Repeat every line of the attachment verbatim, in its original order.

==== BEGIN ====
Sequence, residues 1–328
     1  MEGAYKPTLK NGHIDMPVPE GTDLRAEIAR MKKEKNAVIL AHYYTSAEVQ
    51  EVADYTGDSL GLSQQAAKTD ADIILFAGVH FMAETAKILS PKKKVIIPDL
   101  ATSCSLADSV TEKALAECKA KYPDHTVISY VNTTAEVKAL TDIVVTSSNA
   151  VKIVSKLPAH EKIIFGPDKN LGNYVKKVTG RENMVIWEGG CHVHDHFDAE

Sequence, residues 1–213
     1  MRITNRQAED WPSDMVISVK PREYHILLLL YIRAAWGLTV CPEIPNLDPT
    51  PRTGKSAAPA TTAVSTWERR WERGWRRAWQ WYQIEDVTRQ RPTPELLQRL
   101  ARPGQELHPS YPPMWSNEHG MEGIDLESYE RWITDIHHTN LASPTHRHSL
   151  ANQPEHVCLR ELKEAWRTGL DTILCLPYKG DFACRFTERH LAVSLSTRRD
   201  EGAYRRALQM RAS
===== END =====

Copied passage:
Sequence, residues 1–328
     1  MEGAYKPTLK NGHIDMPVPE GTDLRAEIAR MKKEKNAVIL AHYYTSAEVQ
    51  EVADYTGDSL GLSQQAAKTD ADIILFAGVH FMAETAKILS PKKKVIIPDL
   101  ATSCSLADSV TEKALAECKA KYPDHTVISY VNTTAEVKAL TDIVVTSSNA
   151  VKIVSKLPAH EKIIFGPDKN LGNYVKKVTG RENMVIWEGG CHVHDHFDAE

Sequence, residues 1–213
     1  MRITNRQAED WPSDMVISVK PREYHILLLL YIRAAWGLTV CPEIPNLDPT
    51  PRTGKSAAPA TTAVSTWERR WERGWRRAWQ WYQIEDVTRQ RPTPELLQRL
   101  ARPGQELHPS YPPMWSNEHG MEGIDLESYE RWITDIHHTN LASPTHRHSL
   151  ANQPEHVCLR ELKEAWRTGL DTILCLPYKG DFACRFTERH LAVSLSTRRD
   201  EGAYRRALQM RAS